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From Securities Regulation Daily, July 17, 2015

Chiquita slips on FOIA appeal

By Anne Sherry, J.D.

The SEC may provide the National Security Archive with materials the agency gathered involving a Chiquita affiliate’s payments to paramilitary groups in Colombia. Chiquita had asked for confidential treatment, arguing that the documents’ release would interfere with the fairness of the multidistrict litigation pending against the company, in which discovery has not yet begun. The D.C. Circuit, however, construed Exemption 7(B) of the Freedom of Information Act as examining the overall fairness of the proceeding, not just one phase of the litigation (Chiquita Brands International Inc. v. SEC, July 17, 2015, Griffith, T.).

Background. The Archive’s FOIA request has been in limbo since November 2008. Chiquita requested confidential treatment under FOIA Exemption 7(B), which protects information compiled for law enforcement purposes if production would affect the “right to a fair trial or an impartial adjudication.” The SEC denied Chiquita’s request and subsequent appeal. Chiquita then brought action against the SEC in the district court in D.C., alleging that the SEC violated the Administrative Procedure Act (APA).

The D.C. court granted the SEC summary judgment, finding that the pending litigation satisfied the exemption’s requirement that a trial be pending or imminent, but that Chiquita failed to show how disclosure of the documents would interfere with the fairness of the proceedings. Chiquita appealed to the D.C. Circuit, which granted an injunction barring the documents’ release pending its decision.

Exemption. The appeals court began by examining the text of Exemption 7(B). The use of the word “trial” denotes the ultimate determination, so that the exemption comes into play only when it is probable that the release of law enforcement records will seriously interfere with the fairness of “that final step.” Chiquita’s argument that the exemption’s reference to an “impartial adjudication” applies to a decision made at any point in the proceeding, including discovery, failed to override the fact that FOIA defers to the APA’s definition of “adjudication” as the “agency process for the formulation of an order.” The company could not rely on this phrase to bolster its arguments about the fairness of the private litigation against it.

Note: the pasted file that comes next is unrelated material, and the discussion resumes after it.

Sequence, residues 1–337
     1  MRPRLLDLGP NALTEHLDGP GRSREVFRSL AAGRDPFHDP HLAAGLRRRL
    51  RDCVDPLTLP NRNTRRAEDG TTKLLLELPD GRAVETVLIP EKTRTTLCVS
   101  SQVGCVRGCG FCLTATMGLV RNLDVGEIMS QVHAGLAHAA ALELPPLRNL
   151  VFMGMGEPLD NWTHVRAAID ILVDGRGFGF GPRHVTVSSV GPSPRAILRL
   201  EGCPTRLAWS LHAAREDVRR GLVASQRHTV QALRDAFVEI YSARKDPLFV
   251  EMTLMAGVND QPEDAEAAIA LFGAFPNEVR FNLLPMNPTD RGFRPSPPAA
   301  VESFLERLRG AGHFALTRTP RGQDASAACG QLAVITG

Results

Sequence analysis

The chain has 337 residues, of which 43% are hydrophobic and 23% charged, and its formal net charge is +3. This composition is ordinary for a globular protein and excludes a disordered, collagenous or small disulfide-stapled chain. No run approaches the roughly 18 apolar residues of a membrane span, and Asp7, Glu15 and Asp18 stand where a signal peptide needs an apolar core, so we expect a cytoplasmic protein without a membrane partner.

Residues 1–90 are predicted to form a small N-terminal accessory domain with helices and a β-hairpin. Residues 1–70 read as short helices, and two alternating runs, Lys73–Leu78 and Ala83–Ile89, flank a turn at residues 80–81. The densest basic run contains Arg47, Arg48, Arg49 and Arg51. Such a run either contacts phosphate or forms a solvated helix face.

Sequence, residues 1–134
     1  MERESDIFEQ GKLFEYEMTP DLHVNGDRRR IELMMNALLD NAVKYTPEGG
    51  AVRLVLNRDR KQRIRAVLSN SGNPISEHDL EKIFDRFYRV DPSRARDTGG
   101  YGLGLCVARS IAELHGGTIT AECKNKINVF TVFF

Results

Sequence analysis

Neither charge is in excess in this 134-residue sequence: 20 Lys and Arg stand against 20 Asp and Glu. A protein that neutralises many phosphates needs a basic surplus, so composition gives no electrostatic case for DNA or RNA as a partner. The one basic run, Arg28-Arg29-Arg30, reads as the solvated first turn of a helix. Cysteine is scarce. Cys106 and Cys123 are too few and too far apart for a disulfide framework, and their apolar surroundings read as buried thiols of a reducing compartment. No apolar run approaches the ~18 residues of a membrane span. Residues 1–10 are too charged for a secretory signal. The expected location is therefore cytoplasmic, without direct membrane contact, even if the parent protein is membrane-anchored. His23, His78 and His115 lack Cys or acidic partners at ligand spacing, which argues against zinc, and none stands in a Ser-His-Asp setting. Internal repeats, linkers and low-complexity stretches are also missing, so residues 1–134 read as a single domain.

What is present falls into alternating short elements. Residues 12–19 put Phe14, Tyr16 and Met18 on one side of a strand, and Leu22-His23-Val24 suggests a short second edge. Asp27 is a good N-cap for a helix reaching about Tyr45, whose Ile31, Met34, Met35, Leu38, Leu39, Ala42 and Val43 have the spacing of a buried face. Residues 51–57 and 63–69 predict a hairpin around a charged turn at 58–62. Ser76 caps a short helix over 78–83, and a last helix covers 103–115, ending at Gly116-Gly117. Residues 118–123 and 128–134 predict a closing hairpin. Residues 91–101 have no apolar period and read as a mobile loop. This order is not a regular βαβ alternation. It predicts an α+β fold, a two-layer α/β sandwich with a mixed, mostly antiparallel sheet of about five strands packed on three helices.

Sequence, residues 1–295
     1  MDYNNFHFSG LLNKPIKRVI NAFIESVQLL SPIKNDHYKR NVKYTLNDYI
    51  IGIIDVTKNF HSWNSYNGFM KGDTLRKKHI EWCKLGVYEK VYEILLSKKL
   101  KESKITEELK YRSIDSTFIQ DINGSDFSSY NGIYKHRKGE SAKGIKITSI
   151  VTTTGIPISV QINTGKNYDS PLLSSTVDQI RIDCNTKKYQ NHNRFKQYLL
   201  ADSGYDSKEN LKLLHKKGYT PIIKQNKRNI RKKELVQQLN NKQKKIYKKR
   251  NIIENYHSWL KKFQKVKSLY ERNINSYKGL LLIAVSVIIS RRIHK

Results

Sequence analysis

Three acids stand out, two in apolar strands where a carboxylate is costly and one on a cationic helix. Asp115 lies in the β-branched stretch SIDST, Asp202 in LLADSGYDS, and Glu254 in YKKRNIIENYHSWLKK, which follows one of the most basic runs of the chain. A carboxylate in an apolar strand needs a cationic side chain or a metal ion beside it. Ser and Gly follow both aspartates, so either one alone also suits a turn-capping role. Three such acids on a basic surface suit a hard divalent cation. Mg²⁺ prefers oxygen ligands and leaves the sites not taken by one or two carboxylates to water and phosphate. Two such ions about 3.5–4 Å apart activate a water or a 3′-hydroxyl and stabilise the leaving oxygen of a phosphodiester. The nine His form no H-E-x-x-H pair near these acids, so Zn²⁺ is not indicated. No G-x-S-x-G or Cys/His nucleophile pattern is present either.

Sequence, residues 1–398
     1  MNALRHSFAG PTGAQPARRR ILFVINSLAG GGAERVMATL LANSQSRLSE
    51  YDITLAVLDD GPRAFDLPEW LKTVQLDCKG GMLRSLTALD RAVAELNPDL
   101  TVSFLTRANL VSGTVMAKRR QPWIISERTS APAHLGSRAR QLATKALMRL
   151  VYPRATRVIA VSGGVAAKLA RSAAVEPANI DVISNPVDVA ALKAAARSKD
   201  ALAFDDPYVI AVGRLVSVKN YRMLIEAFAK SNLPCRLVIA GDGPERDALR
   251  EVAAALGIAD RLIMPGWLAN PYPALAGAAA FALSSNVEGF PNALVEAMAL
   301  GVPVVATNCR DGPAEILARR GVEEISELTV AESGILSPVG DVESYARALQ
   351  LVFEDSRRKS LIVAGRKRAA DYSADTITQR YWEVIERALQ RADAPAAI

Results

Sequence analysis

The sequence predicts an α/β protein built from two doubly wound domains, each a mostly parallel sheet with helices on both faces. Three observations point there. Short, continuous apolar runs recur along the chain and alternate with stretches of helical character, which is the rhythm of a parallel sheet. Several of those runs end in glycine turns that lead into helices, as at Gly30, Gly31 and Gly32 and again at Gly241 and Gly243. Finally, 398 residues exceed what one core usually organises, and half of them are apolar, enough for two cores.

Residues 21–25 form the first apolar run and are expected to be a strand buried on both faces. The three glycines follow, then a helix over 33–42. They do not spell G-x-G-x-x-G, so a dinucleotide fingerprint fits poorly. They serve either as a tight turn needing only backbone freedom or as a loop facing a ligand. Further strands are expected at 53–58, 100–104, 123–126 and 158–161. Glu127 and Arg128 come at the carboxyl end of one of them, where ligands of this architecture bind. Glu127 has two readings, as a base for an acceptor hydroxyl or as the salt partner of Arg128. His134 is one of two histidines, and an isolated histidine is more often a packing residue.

Chiquita also misconstrued the court’s Washington Post decision by relying on a sentence noting the possibility that “disclosure through FOIA would furnish access to a document not available under the discovery rules and thus would confer an unfair advantage on one of the parties.” This observation must be read in the context of the particular report and circumstances at issue in that case. The document at issue in Washington Post was protected by privilege and so would not have been otherwise discoverable, and nowhere did the court say that Exemption 7(B) always forbids the release of records that are not yet available to litigants through discovery. The SEC properly applied the standard and reasonably concluded that the disclosure of the records would not seriously interfere with the fairness of the proceedings.

The case is No. 14-5030.

Attorneys: Mark H. Lynch (Covington & Burling LLP) for Chiquita Brands International Inc. Sarah E. Hancur for the SEC.

Companies: Chiquita Brands International Inc.

MainStory: TopStory Enforcement PublicCompanyReportingDisclosure DistrictofColumbiaNews

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